Edek leader Vassos Lyssarides yesterday described the Netanyahu comments as a form of "state terrorism".

    "If these are agents and we should send them back then I don't know what international rights mean," said Lyssarides.

    There was also back-tracking from the Israeli foreign ministry yesterday, with a statement that Netanyahu's comments had been "mistranslated".

    The Presidential source quoted by Ha'aretz said Cyprus had learned about the two men guarding the apparent Mossad meeting from a top Mossad official. The official was not named, but is believed to be Mossad's deputy director Amiram Levin, who is thought to have visited Cyprus earlier this week.

    The Israeli paper said the two men had been part of an intelligence operation held near Zygi last Friday and Saturday in which other agents were also involved.

    The two were reportedly assigned to eavesdrop on police and army frequencies to ensure that nobody was going to approach the secret location of the Mossad meeting.

    Reports claim that covert Mossad meetings usually take place abroad in Europe rather than at home for greater security.

    But the tables were turned on the two Israelis last Saturday, with the so- called lookouts themselves being closely watched by Cyprus plain clothes police and intelligence services.

    When the Zygi flat was raided in the early hours of Saturday, police found high-tech surveillance equipment including scanners and a lap-top computer.

    Local security sources believe the two Israelis were spying on National Guard facilities and trying to confirm whether any parts of the S-300 missiles had arrived on the island.

    Mossad officials have reportedly blamed their colleagues for preparing easily detectable fake passports for the two.

    Damari's passport apparently contained the personal details of an actual Israeli who has been traced in Israel.

    Friday, November 13, 1998

    [04] Good news for foreign men married to Cypriot women

    By Athena Karsera

    PARLIAMENT is poised to strike a blow for sexual equality, bringing into line the time required before foreign men and women married to Cypriots can apply for citizenship.

    The House committee for Interior Affairs has unanimously approved a recommendation by Akel deputy Andreas Philippou to lower the number of years that foreign men must be married to Cypriot women before they can apply for Cypriot citizenship.

    Philippou yesterday told the Cyprus Mail that once the amendment was passed, "there will be equality between men and women married to Cypriot citizens."

    This means that both foreign men and women married to a Cypriot will have to be wed for two years before applying for citizenship.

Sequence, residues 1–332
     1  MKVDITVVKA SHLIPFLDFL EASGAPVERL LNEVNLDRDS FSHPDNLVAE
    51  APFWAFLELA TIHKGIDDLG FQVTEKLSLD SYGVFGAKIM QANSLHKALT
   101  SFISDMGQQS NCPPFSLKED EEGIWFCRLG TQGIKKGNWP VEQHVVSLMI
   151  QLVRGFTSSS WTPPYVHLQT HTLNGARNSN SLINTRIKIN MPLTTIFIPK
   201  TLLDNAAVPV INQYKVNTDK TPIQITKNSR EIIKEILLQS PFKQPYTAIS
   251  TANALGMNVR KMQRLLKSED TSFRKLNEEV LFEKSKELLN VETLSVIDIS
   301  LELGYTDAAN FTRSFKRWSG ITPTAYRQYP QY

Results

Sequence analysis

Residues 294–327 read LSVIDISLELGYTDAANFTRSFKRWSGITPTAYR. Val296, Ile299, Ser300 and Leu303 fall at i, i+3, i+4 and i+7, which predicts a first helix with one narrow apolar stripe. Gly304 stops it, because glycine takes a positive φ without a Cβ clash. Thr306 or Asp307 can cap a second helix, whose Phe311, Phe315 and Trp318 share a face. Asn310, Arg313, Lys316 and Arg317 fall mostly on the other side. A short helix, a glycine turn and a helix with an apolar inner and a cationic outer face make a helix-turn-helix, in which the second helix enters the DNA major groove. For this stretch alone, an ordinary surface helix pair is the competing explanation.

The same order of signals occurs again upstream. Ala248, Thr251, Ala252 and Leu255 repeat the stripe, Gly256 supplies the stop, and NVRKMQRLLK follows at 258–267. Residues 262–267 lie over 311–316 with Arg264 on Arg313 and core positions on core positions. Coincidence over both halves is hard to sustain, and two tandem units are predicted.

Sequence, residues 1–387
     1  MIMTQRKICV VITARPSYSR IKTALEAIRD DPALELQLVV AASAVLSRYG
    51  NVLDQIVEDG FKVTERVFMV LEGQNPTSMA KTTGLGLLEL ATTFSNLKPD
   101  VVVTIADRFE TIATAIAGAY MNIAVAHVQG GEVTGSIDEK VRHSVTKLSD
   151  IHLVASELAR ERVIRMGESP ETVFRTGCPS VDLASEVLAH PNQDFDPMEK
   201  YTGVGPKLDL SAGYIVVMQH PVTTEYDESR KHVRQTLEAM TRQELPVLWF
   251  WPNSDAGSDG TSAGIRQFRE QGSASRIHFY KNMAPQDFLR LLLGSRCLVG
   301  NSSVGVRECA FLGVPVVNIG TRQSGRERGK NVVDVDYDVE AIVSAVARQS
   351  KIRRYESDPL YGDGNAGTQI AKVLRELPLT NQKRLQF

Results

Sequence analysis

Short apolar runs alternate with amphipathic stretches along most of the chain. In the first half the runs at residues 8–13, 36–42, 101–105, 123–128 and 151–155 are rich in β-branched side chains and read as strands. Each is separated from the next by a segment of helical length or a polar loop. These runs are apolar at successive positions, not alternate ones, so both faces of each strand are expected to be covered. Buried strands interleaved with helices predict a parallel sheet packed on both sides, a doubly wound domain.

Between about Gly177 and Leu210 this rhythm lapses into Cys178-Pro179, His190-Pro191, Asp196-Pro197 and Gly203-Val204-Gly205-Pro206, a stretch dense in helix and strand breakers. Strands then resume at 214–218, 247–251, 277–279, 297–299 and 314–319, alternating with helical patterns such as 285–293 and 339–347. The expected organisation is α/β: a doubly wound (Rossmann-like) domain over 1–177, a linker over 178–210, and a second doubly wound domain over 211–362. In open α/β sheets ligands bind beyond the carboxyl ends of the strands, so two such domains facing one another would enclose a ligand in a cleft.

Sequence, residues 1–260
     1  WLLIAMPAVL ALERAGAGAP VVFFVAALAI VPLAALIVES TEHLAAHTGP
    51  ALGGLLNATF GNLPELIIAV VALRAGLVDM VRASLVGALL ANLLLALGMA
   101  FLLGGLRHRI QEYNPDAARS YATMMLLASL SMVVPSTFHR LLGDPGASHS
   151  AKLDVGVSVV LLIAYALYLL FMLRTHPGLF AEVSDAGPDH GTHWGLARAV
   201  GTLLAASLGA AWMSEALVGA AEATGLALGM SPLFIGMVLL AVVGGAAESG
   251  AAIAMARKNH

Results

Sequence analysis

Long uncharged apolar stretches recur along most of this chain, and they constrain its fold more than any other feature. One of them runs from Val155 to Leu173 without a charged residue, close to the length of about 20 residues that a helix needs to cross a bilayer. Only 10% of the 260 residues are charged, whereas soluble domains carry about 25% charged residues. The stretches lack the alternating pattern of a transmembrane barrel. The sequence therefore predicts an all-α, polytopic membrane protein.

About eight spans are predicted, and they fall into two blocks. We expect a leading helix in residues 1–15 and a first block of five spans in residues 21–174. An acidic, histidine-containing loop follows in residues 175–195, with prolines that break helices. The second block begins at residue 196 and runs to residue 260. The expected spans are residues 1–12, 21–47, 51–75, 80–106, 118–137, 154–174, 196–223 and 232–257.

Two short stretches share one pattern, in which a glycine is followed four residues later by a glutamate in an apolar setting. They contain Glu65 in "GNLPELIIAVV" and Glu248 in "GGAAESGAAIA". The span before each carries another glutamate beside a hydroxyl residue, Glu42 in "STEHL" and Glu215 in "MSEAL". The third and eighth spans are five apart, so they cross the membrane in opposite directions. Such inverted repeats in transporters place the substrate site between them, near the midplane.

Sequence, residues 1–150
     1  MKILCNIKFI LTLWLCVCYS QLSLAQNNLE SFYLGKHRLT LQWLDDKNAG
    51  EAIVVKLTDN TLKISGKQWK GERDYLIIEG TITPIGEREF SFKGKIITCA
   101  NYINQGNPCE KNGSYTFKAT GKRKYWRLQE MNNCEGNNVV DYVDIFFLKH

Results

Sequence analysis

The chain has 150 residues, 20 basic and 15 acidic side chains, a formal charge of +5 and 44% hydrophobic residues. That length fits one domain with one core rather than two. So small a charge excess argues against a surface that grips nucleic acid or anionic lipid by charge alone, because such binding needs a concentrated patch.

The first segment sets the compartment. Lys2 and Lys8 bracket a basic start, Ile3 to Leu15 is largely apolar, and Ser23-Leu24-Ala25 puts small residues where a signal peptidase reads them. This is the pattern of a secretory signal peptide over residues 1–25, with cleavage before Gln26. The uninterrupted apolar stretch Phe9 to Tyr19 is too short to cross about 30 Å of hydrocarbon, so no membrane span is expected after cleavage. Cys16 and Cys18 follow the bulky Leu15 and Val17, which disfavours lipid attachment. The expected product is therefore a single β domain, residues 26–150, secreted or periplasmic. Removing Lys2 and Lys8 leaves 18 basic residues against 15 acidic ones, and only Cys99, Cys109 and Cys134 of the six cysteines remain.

As things stand, men married to Cypriot women can only apply for citizenship after five years, while foreign women are eligible after just one year.

    Philippou said his original proposal had been for the required years for men simply to be brought down to that for women - one year.

    But questions raised by the nine-member Committee wondered whether such a reduction might not encourage marriages of convenience.

    Philippou argued that the same could be asked about marriages between foreign women and Cypriot men, leading to the two-year compromise agreed upon by deputies.

    Philippou said the motion would be referred to the House of Representatives, "hopefully, next Thursday", where unanimous approval is anticipated.

    There are about 8,000 mixed marriages in Cyprus, Philippou says. Some 5,500 of these concern Cypriot men married to foreign women.

    Friday, November 13, 1998

    [05] Turn your attentions to Turkey, Cassoulides urges EU

    IN THE interests of fairness, those EU member states that issued a communiqué on Monday calling for a Cyprus solution prior to accession should now urge Ankara to comply with UN resolutions on Cyprus, Foreign Minister Yiannakis Cassoulides said yesterday.

    Speaking after a meeting with President Glafcos Clerides, Cassoulides said he had already made contact with two of the countries, France and Germany, and that he would contact the other two, Italy and the Netherlands, through diplomatic channels.

    "They now have an obligation to turn towards Turkey and invite her to conform with UN resolutions and co-operate with the UN for a Cyprus settlement if they want to keep up a balance," Cassoulides said.

    He added that the countries should also point out to Turkey that it did not have veto rights over Cyprus' EU accession.

    "This would be a fair way to handle the issue since they considered it their obligation to table the statement with their positions," the minister concluded.

    Friday, November 13, 1998

    [06] Turkey 'bewildered' over start of EU talks

    A TURKISH Foreign Ministry statement that Cyprus' EU accession talks are not binding on the entire island shows Ankara's "anxiety and bewilderment" over the start of the substantive accession talks, Government Spokesman Christos Stylianides said yesterday.